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Qualcomm's satellite texting plan is dead because phone makers aren't interested

Its Snapdragon Satellite partner, Iridium, is now free to work with OEMs and other chipmakers directly.

Karissa Bell / Engadget

Back in January, Qualcomm announced Snapdragon Satellite, a project that aimed to let Android users send texts via satellite when they don't have cell service. It would have been the company's answer to Apple's emergency SOS feature that debuted in the iPhone 14 lineup. However, the initiative hasn't worked out as Qualcomm hoped.

Qualcomm is ending its Snapdragon Satellite partnership with satellite phone maker Iridium. Although the pair "successfully developed and demonstrated the technology" smartphone makers "have not included the technology in their devices," Iridium said in a statement.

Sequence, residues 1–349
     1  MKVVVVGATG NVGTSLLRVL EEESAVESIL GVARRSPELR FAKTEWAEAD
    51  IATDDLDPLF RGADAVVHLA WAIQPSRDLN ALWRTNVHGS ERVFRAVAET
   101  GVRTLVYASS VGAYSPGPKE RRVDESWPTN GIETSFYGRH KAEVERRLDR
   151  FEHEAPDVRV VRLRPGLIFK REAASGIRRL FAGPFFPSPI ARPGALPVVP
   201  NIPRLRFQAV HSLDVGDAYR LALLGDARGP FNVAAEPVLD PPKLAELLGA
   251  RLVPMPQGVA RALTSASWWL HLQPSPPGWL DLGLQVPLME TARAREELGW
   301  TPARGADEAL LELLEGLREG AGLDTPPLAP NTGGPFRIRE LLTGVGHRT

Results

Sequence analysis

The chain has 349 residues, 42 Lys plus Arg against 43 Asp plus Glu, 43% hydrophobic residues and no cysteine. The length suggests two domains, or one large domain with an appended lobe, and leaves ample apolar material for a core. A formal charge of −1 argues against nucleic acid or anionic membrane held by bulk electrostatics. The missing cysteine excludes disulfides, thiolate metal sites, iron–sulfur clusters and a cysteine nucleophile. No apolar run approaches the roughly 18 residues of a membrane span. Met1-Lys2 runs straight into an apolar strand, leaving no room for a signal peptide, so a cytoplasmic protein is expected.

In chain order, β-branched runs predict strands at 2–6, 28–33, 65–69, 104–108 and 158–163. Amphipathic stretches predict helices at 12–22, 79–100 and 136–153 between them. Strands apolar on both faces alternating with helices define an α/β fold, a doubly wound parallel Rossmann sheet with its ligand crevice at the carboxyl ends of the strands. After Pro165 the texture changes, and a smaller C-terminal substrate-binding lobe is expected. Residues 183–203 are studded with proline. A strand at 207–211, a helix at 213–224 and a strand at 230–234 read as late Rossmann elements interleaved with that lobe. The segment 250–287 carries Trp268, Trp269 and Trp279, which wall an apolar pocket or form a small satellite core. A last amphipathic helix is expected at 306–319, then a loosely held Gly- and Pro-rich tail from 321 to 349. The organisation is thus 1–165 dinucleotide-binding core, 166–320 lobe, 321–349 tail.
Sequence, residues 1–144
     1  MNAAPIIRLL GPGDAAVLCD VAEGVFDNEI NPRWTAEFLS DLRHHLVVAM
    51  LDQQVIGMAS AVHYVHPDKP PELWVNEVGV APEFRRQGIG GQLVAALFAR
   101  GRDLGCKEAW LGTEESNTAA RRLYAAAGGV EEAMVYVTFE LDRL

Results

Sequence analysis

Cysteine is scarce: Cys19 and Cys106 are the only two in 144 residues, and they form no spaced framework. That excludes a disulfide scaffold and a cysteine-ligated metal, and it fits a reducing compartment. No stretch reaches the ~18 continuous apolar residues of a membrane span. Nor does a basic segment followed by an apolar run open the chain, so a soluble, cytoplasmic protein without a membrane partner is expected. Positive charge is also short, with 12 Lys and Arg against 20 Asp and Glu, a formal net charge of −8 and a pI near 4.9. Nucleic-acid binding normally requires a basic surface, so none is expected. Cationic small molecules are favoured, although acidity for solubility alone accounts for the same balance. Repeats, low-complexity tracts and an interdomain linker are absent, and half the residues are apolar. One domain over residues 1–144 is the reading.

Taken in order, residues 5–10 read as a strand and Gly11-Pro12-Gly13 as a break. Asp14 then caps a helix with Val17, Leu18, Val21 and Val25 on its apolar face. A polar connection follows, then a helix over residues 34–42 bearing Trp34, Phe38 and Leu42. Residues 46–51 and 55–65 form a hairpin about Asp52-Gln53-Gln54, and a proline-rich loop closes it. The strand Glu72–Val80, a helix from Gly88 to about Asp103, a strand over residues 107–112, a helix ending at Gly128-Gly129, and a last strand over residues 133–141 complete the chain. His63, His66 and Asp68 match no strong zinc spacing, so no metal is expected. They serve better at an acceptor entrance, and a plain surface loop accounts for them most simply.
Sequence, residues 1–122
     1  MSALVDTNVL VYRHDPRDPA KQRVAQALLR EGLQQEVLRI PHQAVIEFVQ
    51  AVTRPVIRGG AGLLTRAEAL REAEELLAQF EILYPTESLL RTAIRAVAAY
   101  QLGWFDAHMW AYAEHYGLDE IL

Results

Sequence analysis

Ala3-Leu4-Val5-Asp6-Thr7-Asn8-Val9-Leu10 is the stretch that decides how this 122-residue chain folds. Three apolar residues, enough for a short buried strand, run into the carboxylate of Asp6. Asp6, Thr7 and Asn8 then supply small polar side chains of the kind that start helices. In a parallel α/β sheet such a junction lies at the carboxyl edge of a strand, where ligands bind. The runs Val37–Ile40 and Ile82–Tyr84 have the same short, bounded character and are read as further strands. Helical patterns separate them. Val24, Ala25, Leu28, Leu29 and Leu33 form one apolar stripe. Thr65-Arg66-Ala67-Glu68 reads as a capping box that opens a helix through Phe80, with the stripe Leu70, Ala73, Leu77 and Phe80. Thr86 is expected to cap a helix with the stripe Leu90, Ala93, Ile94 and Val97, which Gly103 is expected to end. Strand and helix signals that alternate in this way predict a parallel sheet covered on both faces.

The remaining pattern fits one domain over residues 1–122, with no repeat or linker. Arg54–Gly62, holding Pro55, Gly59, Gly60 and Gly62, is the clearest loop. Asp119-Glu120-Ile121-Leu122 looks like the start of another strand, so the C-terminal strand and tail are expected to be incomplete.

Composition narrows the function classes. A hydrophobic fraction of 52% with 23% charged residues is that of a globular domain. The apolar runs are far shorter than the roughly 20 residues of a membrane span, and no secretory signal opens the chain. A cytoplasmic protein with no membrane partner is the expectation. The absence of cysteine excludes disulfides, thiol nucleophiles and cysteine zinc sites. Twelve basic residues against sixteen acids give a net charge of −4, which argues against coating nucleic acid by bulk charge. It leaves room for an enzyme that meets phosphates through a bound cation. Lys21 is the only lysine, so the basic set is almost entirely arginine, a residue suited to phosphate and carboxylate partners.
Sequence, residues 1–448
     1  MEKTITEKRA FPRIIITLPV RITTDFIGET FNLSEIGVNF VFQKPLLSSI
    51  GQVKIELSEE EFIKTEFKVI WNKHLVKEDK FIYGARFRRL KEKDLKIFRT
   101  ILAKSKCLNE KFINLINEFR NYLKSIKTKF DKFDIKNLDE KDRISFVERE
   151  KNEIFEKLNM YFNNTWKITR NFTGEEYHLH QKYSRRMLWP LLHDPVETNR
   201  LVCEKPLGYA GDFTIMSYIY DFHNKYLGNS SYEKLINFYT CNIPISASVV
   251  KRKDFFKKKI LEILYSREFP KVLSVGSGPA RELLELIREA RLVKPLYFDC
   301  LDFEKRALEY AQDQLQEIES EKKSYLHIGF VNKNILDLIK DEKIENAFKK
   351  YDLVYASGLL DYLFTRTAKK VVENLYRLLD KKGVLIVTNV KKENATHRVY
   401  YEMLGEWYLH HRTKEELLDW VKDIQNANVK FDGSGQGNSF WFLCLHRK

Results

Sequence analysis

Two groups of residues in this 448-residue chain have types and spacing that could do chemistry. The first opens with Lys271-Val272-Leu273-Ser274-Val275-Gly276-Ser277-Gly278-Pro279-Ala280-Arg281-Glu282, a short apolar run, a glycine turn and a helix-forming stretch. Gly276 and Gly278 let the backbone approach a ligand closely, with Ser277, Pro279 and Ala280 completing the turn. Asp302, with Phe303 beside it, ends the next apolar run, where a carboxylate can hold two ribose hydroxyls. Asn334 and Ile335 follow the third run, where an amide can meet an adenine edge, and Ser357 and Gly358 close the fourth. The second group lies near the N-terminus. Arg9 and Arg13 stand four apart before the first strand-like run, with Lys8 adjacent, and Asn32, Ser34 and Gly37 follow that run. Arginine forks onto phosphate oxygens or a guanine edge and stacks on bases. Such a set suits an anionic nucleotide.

Smartphone makers have “indicated a preference towards standards-based solutions” for satellite connectivity, Qualcomm told CNBC. In other words, they're looking for a more open approach that doesn't necessarily position Qualcomm as a go-between. As The Verge notes, the cost of satellite texting may have dissuaded some manufacturers too. Apple is footing the bill for emergency SOS for the time being.

Now that its agreements with Qualcomm are coming to an end, Iridium says it will be able to work directly with smartphone makers, mobile OS developers and other chipmakers. Apple, meanwhile, has expanded its emergency SOS feature by adding crash detection integration in iPhone 15.

Elsewhere, Starlink is set to roll out its satellite SMS service next year. It plans to eventually offer satellite-powered voice and data functions directly to phones, meaning users won't necessarily need to have a Starlink terminal nearby.